Located in the Oak Ridge Park neighborhood, the Teaching Farm at Henry J. Oliver Elementary is situated in the rear of the school in view of playgrounds and a well-loved basketball court. A raised mound is inset with an amphitheater that features tiers of student seating. Three storage structures house education, culinary, and farm supplies and are adjacent to a harvest washing station, constructed as an Eagle Scout service project. Fruit trees, both familiar and exotic, span from the school’s back door across the driveway, surrounding instruction and play spaces. The planting field has 30 beds for annual vegetable production, four steel-constructed raised beds that are home to sensory gardens, and many additional planting spaces where perennial herbs and flowers bring year-round interest. A shallow pond featuring a bridge, aquatic vegetation, and a small population of fish attracts students and the occasional great blue heron.
Henry J. Oliver Elementary serves more than 500 pre-K–5th grade students each year, and is a part of the Woodlawn High School pipeline.
Established: Fall 2014
Located high on a hilltop in the Forest Park neighborhood, the Teaching Farm at Avondale Elementary offers a wide view of the Birmingham skyline. Open to the field and playground on the school’s west side, a pollinator garden and long muscadine arbor leads students into the site, which features uniquely designed H-shaped raised beds that facilitate lesson delivery by allowing more students to get a closer view. A sheltered teaching space was added in 2015 through a Girl Scout Gold Award project. Two roll-top doors reveal education, culinary, and farm supplies in easy reach for Instructors and students. The Teaching Farm structure is bordered by a shaded pond and a “peace garden,” and the fence along back edge of the site is a mural of colorful food and farm-themed panels painted by students.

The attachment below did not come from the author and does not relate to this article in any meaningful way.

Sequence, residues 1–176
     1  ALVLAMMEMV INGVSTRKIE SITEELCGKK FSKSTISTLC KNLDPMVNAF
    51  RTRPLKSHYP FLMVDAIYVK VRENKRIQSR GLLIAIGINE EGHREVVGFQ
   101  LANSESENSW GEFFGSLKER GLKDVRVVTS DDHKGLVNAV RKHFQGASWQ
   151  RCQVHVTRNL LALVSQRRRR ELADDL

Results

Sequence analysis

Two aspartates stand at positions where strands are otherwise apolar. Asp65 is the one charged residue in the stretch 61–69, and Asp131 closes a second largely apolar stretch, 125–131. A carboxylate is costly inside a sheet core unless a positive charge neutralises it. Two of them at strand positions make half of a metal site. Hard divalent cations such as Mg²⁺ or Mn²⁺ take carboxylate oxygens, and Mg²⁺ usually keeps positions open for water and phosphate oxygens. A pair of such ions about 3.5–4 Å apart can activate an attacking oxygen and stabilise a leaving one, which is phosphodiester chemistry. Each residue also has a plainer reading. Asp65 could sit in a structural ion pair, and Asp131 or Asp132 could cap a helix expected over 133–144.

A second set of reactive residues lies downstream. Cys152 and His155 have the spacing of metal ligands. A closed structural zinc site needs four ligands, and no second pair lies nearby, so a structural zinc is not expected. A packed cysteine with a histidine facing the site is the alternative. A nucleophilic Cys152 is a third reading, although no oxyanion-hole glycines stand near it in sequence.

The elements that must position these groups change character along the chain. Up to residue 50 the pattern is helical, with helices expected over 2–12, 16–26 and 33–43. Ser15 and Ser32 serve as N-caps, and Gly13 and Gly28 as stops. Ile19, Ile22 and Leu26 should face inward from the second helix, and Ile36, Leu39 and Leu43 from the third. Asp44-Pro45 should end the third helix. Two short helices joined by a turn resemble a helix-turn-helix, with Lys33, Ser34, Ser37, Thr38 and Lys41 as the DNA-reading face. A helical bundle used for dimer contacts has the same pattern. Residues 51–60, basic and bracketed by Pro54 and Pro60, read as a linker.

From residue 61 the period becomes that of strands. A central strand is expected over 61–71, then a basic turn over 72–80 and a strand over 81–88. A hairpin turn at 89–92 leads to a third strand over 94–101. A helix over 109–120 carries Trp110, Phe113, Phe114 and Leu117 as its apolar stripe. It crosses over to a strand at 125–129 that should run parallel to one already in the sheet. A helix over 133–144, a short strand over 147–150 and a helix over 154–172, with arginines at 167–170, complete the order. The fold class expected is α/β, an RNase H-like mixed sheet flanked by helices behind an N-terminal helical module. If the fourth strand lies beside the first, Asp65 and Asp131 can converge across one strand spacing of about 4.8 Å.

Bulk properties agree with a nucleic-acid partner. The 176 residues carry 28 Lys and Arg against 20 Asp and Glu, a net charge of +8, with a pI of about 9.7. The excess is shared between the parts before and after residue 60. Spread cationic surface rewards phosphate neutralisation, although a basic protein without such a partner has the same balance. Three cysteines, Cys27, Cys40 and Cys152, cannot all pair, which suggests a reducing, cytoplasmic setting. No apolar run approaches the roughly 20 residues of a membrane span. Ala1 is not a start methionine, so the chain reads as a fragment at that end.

Avondale Elementary serves more than 500 pre-K–5th grade students each year, and is a part of the Woodlawn High School pipeline.
Established: Spring 2015
Located in the Eastwood neighborhood of Birmingham, the Teaching Farm at W.E. Putnam Middle School is an unexpected oasis tucked behind the school. As visitors approach the site, fish dart below aquatic plants in a clear pond as birds forage for seed on a sloped living, green roof that covers the outdoor classroom. The classroom contains tiers of wooden seating and a long work table that regularly accommodates culinary, science, and art experiments. Twenty-five raised vegetable beds fan out around a tennis court. Beyond the vegetables, flowering vines, towering sunflowers, and sprawling strawberries, evidence of project-based learning is everywhere from vermicomposting stations to an impressive student-designed greenhouse.